Cindy Pierce of Magnolia seems to be permanently angry. And she is on a roll.
Last April, KIRO reported that while Pierce was in a Georgetown restaurant, the car hood on her late model white Porsche was splattered with blue ink, causing an estimated $10,000 damage.
“I don’t put it in parking lots,” Pierce told KIRO. “I’m very careful where I park downtown. I only park in Pacific Place.”
And yet, the chaos of an unpredictable world still found her.
Pierce complained that police are unable to protect Seattle residents from rising rates of property crime.
And no one is immune. Not even Magnolia-dwelling, Porsche-driving, Pacific Place-parking residents such as herself.
When the city announced that homeless encampments would be sited on city property in Ballard and Interbay, Pierce was in the news again, leading the opposition.
In one of the uglier community meetings in recent memory, hundreds of people turned out in Ballard last August to oppose the encampments.
Erica Barnett quoted Pierce at length in a blog post called “None Dare Call it Classism.”
“I believe our mayor Murray needs to have a come to Jesus meeting with the former mayor of New York City, Rudy Giuliani, and have a conversation about how to clean this city up and not attract people like these. How many jobs do the tent city people have?”
Despite the alarmist opposition, Mayor Ed Murray and the Seattle City Council stayed the course, and the encampments went forward. Now, about 150 of the nearly 4,000 homeless people counted outside in King County last year after the shelters were filled have a safe place to lay their heads.
When I visited the Interbay tent encampment just after Christmas, residents told me that they have been nearly overwhelmed by community support.
This did not surprise me. Tent Cities have been hosted by churches around the city for more than 20 years, and over that time, a predictable pattern has emerged.
At first, the community freaks out. They fear for the safety of their children and brace for a wave of drug and alcohol fueled crime.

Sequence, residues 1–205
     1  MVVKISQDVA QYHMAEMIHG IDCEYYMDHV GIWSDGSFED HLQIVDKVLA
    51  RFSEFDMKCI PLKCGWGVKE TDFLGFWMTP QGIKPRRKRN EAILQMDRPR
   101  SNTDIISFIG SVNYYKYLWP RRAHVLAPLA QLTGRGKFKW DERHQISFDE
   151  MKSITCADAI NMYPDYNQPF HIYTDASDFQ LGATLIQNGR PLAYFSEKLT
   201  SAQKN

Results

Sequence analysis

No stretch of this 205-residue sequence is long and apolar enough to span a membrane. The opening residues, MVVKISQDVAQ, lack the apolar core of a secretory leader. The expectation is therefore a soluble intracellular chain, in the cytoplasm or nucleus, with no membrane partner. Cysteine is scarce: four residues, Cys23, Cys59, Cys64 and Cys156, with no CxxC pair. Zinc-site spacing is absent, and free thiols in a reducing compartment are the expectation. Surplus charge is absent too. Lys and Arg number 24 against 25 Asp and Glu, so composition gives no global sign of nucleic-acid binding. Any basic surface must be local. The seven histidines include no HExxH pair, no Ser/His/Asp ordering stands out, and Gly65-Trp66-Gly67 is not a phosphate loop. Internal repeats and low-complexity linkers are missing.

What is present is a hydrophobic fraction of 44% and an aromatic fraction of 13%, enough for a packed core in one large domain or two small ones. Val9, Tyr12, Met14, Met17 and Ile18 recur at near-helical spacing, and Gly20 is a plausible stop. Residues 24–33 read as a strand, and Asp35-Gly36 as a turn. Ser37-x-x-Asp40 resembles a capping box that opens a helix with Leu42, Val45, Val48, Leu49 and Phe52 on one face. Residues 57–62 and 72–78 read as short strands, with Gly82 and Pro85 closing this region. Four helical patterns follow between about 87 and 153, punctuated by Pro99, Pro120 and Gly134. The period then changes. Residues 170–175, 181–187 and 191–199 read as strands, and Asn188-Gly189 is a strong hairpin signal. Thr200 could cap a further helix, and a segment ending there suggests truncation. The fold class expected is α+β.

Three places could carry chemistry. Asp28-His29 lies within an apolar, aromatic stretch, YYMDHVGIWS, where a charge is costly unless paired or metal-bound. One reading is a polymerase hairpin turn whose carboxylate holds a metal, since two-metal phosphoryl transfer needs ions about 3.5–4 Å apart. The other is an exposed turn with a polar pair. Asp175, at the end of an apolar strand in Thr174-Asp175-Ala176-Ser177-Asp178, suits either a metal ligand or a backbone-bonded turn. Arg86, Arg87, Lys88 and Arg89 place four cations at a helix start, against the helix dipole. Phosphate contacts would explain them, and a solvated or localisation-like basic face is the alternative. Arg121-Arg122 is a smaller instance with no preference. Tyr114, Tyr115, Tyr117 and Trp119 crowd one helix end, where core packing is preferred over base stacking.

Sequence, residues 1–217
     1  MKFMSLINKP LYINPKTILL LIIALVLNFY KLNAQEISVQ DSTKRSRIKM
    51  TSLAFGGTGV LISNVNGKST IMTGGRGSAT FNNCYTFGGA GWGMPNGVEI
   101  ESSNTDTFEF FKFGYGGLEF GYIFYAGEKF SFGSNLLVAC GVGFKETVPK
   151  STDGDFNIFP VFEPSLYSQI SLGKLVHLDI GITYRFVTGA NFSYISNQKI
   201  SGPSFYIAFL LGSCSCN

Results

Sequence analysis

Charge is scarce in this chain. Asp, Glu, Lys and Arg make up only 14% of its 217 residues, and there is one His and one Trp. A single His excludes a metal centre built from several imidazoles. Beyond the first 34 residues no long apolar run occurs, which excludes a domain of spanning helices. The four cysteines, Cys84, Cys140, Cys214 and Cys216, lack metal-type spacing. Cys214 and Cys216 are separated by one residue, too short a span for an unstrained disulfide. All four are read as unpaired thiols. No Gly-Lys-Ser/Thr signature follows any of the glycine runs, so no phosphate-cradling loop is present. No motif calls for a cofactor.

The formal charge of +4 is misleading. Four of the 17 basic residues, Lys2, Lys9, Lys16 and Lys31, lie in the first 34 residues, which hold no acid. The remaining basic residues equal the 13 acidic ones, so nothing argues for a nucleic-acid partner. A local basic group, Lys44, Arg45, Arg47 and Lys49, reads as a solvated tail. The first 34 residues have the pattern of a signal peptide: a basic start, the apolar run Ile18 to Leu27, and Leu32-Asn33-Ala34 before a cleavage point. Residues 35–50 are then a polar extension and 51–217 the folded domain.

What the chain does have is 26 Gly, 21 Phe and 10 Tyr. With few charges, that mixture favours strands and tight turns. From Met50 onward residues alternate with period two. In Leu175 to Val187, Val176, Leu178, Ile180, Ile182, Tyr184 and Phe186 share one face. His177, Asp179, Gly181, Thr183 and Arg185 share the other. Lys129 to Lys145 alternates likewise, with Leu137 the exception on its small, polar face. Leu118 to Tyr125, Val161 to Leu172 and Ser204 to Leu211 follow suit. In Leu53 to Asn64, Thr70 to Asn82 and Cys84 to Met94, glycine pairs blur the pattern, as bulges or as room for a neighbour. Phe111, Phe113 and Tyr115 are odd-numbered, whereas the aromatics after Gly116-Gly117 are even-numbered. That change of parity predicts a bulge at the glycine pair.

And then, they find that nothing of the sort happens. People get to know the encampment residents and find that they are really no different than anyone else.
By the next time the church hosts an encampment, no one cares. The people who began as unknown and feared outsiders have become a part of the community.
Alarm turns to welcome, and people go from feeling threatened to asking how they can help.
But this time, not so much. If a packed community meeting in Magnolia on Jan. 6 is any indication, outrage over the homeless people in our midst is not going away anytime soon.
There was Pierce again, holding aloft a baggie full of hypodermic needles found around Magnolia, and blaming the drug detritus on RV campers.
Anyone who’s been paying attention knows that there is a nationwide heroin epidemic, and Seattle is one of the hardest hit cities. Overdose deaths here have doubled since 2010.
But it seems like a stretch to put this on homeless people in campers. What? Are people shooting up and then throwing their works out their RV windows?
“I think most of the people in the RVs are criminals,” Pierce said. “I don’t know who they are, and I don’t know where they came from, but they’re here. We’ve got to get rid of them.”
Does this sound familiar?
“They’re sending people that have lots of problems, and they’re bringing those problems to us. They’re bringing drugs. They’re bringing crime. They’re rapists. And some, I assume, are good people!”
When extreme inequality becomes the norm, none of us are immune. That might look like getting ink splattered on your new Porsche, or it might look like a homeless woman getting murdered under a bridge.
The question for us, as a city and as a nation, is whether we’re going to find solutions or blame the victims. So far, the city is focused on solutions.
Let’s work together to keep it that way.